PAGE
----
A bipartisan group of eight U.S. senators is meeting this week to seek a way to avert a year-end fiscal cliff of expiring tax rates and automatic spending cuts.
The group will hold three days of meetings starting today at Mount Vernon in Virginia. Two Senate aides close to the group said the lawmakers will seek to identify broad areas of agreement on taxes and entitlement programs, without discussion of specific numbers or targets.
The meetings continue a series of gatherings by members of the U.S. Senate over the past year and a half. They include Democrats Mark Warner of Virginia, Dick Durbin of Illinois, Michael Bennet of Colorado and Kent Conrad of North Dakota, and Republicans Saxby Chambliss of Georgia, Mike Johanns of Nebraska, Tom Coburn of Oklahoma and Mike Crapo of Idaho.
When lawmakers return to Washington in November for a post- election session, they will have only weeks to avert more than $500 billion in tax increases and $100 billion in automatic spending cuts set to take effect in January. The group wants to have a series of options available after the election, the aide said.
While the Senate group’s most ambitious goal is to agree to a framework for changes to curb the U.S. budget deficit, it is unlikely they will announce specific proposals before the Nov. 6 election, said one of the Senate aides. Separately, Senator Lamar Alexander, a Tennessee Republican, is working with Bennet on a proposal to offer Senate and House leaders after the election.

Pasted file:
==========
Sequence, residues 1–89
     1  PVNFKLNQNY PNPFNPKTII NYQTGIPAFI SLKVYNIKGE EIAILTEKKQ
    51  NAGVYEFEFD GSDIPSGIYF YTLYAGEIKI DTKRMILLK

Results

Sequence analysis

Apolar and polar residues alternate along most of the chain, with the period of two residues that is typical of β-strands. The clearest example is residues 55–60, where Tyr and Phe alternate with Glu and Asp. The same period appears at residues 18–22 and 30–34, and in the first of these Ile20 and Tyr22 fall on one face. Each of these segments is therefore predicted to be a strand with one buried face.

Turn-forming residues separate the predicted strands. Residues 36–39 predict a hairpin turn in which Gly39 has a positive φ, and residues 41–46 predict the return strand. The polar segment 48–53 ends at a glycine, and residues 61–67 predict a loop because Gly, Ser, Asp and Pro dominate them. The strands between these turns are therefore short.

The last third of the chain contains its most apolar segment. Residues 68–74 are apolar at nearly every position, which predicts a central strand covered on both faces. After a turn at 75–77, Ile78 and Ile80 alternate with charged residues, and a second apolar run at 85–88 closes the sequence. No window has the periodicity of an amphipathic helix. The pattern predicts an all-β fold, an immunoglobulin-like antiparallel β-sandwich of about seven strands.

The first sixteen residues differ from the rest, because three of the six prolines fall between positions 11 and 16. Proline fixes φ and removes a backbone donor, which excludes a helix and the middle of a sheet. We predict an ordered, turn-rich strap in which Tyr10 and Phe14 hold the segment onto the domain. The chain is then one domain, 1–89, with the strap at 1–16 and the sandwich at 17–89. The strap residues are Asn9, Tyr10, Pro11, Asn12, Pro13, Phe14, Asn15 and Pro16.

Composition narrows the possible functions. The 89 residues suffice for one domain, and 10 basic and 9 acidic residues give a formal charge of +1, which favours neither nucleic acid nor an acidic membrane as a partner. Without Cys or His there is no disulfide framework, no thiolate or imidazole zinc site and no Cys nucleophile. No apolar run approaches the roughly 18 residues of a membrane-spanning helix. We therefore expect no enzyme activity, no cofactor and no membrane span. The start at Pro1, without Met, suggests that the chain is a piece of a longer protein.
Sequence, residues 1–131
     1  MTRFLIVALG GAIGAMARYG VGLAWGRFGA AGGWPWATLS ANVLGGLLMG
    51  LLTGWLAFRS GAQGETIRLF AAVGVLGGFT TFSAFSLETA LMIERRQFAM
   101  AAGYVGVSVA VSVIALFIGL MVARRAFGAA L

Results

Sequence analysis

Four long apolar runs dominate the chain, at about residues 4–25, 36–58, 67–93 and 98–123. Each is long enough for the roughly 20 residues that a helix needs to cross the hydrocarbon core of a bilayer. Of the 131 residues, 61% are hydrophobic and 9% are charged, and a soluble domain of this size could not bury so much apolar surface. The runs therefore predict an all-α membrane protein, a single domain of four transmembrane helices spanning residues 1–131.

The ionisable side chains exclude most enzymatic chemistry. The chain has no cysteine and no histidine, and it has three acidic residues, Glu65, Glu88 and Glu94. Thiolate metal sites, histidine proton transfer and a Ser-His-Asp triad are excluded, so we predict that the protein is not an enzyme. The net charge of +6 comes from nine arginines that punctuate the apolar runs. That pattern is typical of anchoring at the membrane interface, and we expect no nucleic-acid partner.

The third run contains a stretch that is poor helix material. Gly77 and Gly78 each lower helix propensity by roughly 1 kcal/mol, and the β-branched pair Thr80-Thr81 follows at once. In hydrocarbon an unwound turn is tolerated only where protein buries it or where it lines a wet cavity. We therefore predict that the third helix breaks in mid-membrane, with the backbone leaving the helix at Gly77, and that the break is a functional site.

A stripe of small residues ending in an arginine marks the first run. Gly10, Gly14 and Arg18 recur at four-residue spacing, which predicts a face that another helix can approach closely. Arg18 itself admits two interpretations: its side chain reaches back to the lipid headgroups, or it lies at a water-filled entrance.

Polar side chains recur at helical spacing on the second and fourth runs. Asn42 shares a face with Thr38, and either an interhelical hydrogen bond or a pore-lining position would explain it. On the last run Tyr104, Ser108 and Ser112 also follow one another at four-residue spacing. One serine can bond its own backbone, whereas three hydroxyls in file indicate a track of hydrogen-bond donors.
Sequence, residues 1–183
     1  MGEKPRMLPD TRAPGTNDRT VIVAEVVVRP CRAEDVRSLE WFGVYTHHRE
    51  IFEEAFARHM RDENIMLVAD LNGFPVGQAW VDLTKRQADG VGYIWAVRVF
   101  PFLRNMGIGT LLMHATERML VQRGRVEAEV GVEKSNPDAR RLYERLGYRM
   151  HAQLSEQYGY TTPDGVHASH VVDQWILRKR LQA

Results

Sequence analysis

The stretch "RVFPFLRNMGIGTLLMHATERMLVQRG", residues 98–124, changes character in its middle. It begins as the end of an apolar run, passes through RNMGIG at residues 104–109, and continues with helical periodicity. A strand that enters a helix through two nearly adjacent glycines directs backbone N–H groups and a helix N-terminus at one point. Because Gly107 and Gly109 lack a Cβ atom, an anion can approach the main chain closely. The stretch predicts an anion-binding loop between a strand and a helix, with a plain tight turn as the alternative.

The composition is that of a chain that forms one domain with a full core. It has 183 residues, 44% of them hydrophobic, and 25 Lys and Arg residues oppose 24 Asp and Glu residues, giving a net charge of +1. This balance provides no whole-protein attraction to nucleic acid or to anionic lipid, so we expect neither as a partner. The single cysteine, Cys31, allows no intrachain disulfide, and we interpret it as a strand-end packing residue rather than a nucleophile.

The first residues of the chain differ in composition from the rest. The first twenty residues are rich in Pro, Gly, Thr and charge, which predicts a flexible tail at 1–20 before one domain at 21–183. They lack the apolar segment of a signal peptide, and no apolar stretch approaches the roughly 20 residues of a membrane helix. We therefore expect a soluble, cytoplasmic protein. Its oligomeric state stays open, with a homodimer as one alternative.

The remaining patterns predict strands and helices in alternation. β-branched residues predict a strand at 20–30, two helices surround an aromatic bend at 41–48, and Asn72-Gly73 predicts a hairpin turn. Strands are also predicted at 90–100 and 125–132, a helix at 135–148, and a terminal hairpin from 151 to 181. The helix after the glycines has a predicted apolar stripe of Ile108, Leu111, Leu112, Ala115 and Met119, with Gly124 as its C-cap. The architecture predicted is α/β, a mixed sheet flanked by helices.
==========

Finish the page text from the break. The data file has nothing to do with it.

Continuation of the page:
The group faces an uphill fight to win support from Senate leaders for any recommendations it makes. Democrats oppose changes to entitlement programs such as Medicare, while Republicans refuse to accept tax increases.
In the House, the hurdles are even greater. Speaker John Boehner, an Ohio Republican, said last week he is reluctant to back a major deficit-reduction deal during the lame-duck session.
Even so, some members of Congress have expressed optimism that a framework for an agreement can be reached if President Barack Obama is re-elected and Democrats retain control of the Senate.
“It’ll be a big incentive to sitting down and trying to come up with something that’s balanced, that has to have revenues,” Senator Jack Reed, a Rhode Island Democrat, said in an interview last week. “It’s going to be complicated, but I hope the message coming out of the election is ‘let’s get this done.’”
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